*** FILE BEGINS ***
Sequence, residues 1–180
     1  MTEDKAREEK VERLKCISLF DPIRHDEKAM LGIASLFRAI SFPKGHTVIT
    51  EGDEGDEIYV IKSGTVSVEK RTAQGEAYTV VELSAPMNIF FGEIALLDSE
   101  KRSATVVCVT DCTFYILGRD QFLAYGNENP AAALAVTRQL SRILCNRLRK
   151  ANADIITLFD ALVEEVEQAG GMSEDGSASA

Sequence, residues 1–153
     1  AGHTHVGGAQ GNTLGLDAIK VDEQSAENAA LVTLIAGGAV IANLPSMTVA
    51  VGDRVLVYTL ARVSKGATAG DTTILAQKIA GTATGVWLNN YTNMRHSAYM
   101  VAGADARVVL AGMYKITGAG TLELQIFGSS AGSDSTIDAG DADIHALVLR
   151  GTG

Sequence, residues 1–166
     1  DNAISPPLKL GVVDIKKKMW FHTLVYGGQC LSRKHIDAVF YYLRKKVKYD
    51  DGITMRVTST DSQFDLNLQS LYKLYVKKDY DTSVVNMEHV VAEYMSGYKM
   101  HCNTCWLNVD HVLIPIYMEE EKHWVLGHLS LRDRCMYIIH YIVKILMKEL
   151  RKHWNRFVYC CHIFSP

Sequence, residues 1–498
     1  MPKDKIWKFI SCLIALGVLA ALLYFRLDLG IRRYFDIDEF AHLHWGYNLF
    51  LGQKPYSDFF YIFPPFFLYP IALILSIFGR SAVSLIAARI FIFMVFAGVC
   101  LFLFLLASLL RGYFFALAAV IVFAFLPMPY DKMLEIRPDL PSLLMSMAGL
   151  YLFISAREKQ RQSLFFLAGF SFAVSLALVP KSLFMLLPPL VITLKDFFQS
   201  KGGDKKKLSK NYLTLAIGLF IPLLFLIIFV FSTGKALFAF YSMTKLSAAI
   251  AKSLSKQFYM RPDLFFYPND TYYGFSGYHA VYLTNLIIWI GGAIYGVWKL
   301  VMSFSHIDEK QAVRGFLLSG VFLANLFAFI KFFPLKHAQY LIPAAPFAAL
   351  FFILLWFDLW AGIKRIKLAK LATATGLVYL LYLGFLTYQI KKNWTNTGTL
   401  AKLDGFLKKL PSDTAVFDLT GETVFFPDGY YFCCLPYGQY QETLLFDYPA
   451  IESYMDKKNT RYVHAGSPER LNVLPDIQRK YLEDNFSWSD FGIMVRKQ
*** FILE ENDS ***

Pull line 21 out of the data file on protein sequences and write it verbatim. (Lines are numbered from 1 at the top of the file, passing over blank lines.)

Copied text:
   201  KGGDKKKLSK NYLTLAIGLF IPLLFLIIFV FSTGKALFAF YSMTKLSAAI